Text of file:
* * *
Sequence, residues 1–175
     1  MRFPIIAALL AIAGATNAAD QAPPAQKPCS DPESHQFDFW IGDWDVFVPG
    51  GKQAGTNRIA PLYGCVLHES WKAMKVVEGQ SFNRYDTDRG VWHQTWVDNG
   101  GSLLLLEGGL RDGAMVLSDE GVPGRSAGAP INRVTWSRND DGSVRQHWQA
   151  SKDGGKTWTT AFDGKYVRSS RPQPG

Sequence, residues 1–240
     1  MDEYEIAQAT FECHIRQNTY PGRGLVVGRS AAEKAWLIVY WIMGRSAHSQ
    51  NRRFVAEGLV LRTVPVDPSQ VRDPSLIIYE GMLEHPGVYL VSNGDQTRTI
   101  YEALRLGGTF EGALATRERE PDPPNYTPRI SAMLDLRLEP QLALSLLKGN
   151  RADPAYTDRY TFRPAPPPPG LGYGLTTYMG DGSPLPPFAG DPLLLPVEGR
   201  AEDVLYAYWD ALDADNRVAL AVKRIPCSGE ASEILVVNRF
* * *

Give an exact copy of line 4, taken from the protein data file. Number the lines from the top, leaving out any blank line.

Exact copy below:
   101  GSLLLLEGGL RDGAMVLSDE GVPGRSAGAP INRVTWSRND DGSVRQHWQA